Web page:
An aspiring and successful actor, Che is deeply immersed in the Rochester cultural scene. So much so, we’ve named him Che of The Town!
Exclusively for Talker, Che has solicited and is conducting interviews from about 50 Rochestarians working in a diversity of creative fields.
For the full series, see Che of The Town: Interviews
Che is a proud graduate of the School of the Art and has featured many SOTA alums, including Britton Bradford, Kayoz Fortune, Ajani Jeffries, Marguerite Frarey, Willie “El Mongoose” Monroe Jr., Willis Ajamu Brooks , James Kegler, Taye Diggs and Evalyn Gleason.
When I did some substitute teaching in the RCSD, SOTA was my favorite destination. I remember John Gabrielle preparing his choir for the Lilac Festival and then watching their impressive performance in Highland Park. See No highly effective teachers at SOTA?. Something is not right.
Once, I helped the Tech Crew strike down the set they had deftly created for the musical Shrek. That experience became The Unsung Heroes . . . Behind the Scenes at the School of the Arts.
Luke Fellows; A Theatre Educator Making A Lasting Impression Within The SOTA
In this highlight we turn our attention to Luke Fellows, a dedicated, hardworking and passionate drama teacher
Tell us a little about yourself, where your from, grew up, what H.S./College you attended etc.
I am originally from the small town of Bourne in the county of Lincolnshire, England. I went to Bourne Grammar School where I dressed like a Harry Potter cast member in blazer (with school badge no less), white button up shirt, school tie and dress pants. I obtained my bachelor of arts degree in Drama and Theatre Arts from Middlesex University in London and it was there that I met my wife Danielle who is originally from Irondequoit, she was an exchange student, we were married a year after we graduated and then we moved to Rochester in 2003. I started teaching at School of the Arts in 2007.
What inspired you to be an artist/educator? Early experiences worth sharing?
I didn’t want to be a teacher. It was the last thing I wanted to go into. Both of my parents were teachers and I found the idea of following in my parents footsteps to be very dull. When I did my careers day at school – you know, when you have to answer questions about yourself and then you’re told what career path you should follow – I was told I should be a teacher and I thought “absolutely not, not way!” Many years later I moved to America, wanted to use my theatre degree but had decided that the life of an actor (bouncing between jobs, not knowing where the next paycheck was coming from, working unsociable hours etc.) was not for me and so I thought long and hard about what I could do. I worked in office jobs, sitting behind a desk and thought how boring it was and how I needed to move around all and how I missed the theatre. I then started running some drama camps and doing an after-school drama class at a Rochester charter school and really enjoyed myself, I loved sharing that joy of theatre with kids and found I had an ability to do so. It was then I realized that being a drama teacher was probably what I needed to be. A steady pay check while spending my whole day working with and talking about theatre with young people. It just made sense.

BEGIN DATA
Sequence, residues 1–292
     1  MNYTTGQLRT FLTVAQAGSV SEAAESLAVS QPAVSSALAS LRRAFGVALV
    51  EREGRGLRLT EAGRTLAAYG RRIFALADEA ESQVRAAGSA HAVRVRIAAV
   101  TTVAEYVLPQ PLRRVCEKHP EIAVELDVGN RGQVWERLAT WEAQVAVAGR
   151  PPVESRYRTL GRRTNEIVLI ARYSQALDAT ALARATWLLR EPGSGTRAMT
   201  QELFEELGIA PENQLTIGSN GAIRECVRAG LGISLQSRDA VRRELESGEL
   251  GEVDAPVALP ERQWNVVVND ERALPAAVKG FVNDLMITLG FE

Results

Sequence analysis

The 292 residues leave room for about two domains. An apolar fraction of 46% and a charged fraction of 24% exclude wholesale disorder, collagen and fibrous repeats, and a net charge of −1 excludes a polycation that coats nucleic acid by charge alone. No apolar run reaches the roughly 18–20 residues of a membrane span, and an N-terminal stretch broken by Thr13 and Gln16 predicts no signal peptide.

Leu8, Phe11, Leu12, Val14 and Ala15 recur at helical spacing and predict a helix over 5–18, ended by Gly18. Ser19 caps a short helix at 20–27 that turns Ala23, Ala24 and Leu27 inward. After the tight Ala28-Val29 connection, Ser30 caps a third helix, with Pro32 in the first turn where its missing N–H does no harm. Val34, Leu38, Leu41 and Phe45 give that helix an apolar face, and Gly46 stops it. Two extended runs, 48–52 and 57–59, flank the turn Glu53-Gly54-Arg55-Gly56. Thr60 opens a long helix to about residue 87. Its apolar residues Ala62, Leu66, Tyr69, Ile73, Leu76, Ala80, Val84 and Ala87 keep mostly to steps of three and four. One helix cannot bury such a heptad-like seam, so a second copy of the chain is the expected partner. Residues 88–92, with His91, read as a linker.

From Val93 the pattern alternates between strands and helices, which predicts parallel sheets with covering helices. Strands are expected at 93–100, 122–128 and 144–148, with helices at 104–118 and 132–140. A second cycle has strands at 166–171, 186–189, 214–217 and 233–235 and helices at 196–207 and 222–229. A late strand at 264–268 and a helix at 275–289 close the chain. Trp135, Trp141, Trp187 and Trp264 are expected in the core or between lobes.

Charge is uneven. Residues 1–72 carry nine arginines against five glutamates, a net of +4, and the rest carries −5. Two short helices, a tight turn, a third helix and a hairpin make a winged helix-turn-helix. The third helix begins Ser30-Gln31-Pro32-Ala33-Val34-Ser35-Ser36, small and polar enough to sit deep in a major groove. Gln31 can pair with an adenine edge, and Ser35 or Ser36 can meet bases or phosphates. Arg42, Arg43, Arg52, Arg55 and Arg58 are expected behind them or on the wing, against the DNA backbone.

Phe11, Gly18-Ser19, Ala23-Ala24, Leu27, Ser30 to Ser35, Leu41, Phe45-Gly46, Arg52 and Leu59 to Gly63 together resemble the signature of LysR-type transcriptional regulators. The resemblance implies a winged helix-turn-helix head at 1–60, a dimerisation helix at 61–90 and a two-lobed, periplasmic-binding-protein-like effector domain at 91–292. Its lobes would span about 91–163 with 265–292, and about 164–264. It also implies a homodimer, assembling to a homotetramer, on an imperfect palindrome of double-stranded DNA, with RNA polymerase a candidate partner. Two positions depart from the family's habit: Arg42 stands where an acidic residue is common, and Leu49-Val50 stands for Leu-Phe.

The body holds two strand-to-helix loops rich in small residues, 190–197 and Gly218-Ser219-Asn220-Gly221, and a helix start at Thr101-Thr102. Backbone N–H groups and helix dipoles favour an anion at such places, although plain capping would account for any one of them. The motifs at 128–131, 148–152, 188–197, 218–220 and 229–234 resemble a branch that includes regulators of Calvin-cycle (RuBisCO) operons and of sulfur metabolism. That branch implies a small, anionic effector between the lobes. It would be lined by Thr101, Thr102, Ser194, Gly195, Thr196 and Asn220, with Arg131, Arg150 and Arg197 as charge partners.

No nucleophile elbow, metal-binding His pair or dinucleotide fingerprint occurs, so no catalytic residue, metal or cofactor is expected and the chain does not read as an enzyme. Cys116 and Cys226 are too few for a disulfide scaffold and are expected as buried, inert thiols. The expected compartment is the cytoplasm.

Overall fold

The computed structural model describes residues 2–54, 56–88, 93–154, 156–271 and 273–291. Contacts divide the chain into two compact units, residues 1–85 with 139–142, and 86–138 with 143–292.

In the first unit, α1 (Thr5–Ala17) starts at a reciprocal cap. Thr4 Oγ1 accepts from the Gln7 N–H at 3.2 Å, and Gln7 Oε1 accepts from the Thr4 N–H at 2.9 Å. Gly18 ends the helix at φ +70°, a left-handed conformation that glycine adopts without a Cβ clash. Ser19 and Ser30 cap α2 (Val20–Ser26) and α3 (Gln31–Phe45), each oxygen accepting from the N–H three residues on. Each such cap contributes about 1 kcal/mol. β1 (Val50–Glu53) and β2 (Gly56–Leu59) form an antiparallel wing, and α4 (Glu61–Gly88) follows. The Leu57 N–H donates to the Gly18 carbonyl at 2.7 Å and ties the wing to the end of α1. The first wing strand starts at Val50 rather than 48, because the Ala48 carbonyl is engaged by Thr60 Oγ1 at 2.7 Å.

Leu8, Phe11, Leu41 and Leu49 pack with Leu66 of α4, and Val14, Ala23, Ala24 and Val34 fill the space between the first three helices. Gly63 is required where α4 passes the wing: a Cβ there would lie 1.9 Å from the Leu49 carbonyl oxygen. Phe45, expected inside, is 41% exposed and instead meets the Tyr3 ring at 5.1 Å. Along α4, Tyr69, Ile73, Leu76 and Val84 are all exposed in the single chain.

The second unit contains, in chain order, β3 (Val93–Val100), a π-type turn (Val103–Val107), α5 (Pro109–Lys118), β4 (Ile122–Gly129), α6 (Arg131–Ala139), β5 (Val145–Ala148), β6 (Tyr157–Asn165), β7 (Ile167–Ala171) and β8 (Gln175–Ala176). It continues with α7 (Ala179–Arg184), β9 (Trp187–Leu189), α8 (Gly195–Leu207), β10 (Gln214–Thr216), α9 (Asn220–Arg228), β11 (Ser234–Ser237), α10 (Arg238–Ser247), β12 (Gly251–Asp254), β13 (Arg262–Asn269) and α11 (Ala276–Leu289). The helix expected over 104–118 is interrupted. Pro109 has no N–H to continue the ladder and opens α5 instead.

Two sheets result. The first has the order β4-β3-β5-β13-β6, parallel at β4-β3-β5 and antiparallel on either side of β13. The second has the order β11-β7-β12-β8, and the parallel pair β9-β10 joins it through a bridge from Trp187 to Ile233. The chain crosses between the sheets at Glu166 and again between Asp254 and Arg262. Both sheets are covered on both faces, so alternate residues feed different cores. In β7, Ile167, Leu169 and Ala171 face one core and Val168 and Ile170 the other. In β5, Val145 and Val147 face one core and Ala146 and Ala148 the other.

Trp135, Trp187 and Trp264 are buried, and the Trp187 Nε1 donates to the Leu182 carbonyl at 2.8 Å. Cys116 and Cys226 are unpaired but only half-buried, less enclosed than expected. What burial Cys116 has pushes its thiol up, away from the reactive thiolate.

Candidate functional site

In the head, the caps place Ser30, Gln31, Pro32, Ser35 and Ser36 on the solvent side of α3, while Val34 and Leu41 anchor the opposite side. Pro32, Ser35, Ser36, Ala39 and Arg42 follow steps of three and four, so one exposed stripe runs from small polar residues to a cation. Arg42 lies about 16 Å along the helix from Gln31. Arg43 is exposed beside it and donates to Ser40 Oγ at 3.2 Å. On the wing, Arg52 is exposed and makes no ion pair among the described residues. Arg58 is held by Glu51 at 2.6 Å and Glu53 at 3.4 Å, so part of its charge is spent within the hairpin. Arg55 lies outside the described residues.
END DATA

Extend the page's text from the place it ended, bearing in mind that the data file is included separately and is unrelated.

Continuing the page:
Talk about a time where you have faced adversity/conflict and have triumphed.
I think I’ve always learned from any challenges that I have faced rather than triumphed over them. It is also unreasonable for me to talk about adversity as most of the challenges I have faced have been innocuous in comparison to the challenges that I see many of my students face on a daily basis. I’ve been without work in my life, I’ve had moments of depression, I’ve been an immigrant trying to find my way in a country that is not my own but these challenges are nothing in comparison to the issues that many Rochester children face like poverty or being relied on to care for younger siblings because their parents work two jobs. My “adversities” are meaningless compared to the student who has doesn’t know where their next meal is coming from and yet commits to go to college and continues on to make a success of themselves.
I’m not set apart. I don’t believe that artists and educators should separate themselves or seek to separate themselves. Our work is all collaborative, linked by influence from others or inspiration to others, everything done by artists is as a reaction, a contrast or as a complement to someone elses work or guidance. Art and education it is one huge organic process that we are all a part of. We’re all branches on the same huge artistic tree that has its roots in cave paintings and campfire stories. I’m just one branch on that tree (I may even be just a twig).
Do you have other interests or hobbies?
I love to spend time with my family and when I’m at home I usually like to be creating something be it working on my house, cooking a fun meal or baking (bread, cakes doesn’t matter so long as I get to eat it) and I follow Aston Villa Football Club (an English soccer team.
I’m currently co-directing In The Heights at SOTA with my friend and colleague Michelle Sapere and soon after that working on ideas for SOTA’s 2017-18 season with the rest of the SOTA theatre department.
Where would you like to see yourself in 5 years?
Happy and still learning.
What advice can you give to aspiring artists/educators?
Don’t strive for fame, strive for success and always find pride in what you do.
How can we follow along in your journey? Social media?
I’m on Facebook and Instagram (ljpfellows1979), I tried Twitter once but it just felt like people I don’t know were yelling at me.